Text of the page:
A federal employee union had argued that forcing federal employees to work without pay during a lapse in appropriations constitutes a violation of the Anti-Deficiency Act, but a judge on Monday ruled that with the government open, the case is now moot.
A federal judge on Monday dismissed a lawsuit brought by the National Treasury Employees Union and another group of federal workers challenging the legal basis by which the federal government forces employees to work without pay during shutdowns, finding that the case is now moot.
During the 2019 partial government shutdown, NTEU sued President Trump, arguing that agencies’ expansion of the definition of essential services exempt from shutting down due to a lapse in appropriations was unconstitutional and violated the Anti-Deficiency Act. But after the government reopened, the Trump administration asked U.S. District Judge Richard Leon to dismiss the case.
In oral arguments on the government’s motion to dismiss, the union argued that the case was capable of repetition, yet evading review, a legal exception for plaintiffs for whom a legal injury is likely to reoccur, but for too short a period of time for the court to meaningfully consider their case.
But attorneys from the Justice Department, representing the administration, said NTEU must prove that a future lapse in appropriations would closely mirror the 2018 shutdown. “In order to conclude plaintiffs will face the same harm in the future, I would have to assume a shutdown will occur, the same agencies will be affected, those agencies will react the same way again, and those agency decisions will affect the same plaintiffs,” Leon wrote In an 18-page decision. “[That] chain of political events is simply ‘too long to credit.’ ”
Leon also rejected NTEU’s argument that only the alleged legal injury needed to be replicable, rather than all relevant characteristics.
“In plaintiffs’ view, because another shutdown is likely to occur at some point in the future, their claims are capable of repetition; the other contingencies identified above are simply underlying facts or characteristics of their legal challenge that are irrelevant to the capable-of-repetition analysis,” he wrote. “Plaintiffs are wrong. It is not enough for a court to simply conclude that another shutdown may occur in the future. Plaintiffs must also establish that the other contingencies inherent in some future budgetary dispute between the two political branches are reasonably likely to recur.”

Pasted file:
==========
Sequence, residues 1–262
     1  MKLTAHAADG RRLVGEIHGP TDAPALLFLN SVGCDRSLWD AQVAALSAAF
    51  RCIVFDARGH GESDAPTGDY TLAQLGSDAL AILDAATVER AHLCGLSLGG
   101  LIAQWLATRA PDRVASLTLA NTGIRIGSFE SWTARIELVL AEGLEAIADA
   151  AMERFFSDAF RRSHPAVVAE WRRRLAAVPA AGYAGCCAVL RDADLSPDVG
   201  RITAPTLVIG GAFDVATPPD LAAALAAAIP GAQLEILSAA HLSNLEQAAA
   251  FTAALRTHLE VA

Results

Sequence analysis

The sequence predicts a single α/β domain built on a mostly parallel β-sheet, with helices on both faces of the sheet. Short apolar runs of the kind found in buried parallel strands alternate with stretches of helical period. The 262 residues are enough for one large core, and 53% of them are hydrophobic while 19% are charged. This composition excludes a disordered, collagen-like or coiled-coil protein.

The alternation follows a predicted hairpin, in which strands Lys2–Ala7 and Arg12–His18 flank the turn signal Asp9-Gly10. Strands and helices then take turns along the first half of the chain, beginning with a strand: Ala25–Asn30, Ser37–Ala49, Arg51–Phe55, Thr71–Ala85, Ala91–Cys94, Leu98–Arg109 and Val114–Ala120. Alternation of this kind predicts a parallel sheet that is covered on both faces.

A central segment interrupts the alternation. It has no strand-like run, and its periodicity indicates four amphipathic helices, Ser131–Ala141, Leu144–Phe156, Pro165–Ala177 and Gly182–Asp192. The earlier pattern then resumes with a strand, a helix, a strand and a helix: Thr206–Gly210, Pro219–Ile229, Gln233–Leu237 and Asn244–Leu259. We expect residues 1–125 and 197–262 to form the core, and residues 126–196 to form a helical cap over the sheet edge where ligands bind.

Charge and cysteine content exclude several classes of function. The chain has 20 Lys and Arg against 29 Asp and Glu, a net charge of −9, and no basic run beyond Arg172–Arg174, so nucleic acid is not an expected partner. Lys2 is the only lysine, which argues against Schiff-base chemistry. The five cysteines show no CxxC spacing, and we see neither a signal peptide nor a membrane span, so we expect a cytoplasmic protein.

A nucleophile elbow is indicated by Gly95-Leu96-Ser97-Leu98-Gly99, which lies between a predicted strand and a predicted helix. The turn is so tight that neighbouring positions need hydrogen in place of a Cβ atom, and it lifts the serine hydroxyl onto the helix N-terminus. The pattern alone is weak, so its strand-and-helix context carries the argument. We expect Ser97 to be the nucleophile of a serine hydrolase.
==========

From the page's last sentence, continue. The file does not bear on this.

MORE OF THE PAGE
In a statement, NTEU National President Tony Reardon indicated the union will appeal the ruling.
“NTEU’s lawsuit is not moot because, regrettably, further shutdowns are certainly capable of being repeated,” Reardon said. “Shutdowns are terribly unfair for hard working federal employees who are sent home without pay or are forced to work without pay. NTEU believes that a court should review the important question of whether such shutdowns, which will certainly happen again, are consistent with law.”
Although he ruled in favor of the government, Leon indicated that he disapproved of the government’s actions that led to the lawsuit in the first place, particularly the Internal Revenue Service’s decision to recall thousands of employees to work without pay to process tax returns.
“The record clearly suggests that that decision was made to avoid the anticipated political heat that would have no doubt been generated as to both executive and legislative officeholders had the shutdown caused delays in the disbursement of taxpayer refunds,” Leon wrote. “Not surprisingly, Congress has taken no remedial action in response to date, despite the IRS’s dubious claim that those employees were somehow necessary for ‘the safety of human life or the protection of property.’ Fortunately for the government, however, not every self-serving transmogrification of the law can be righted by the courts.”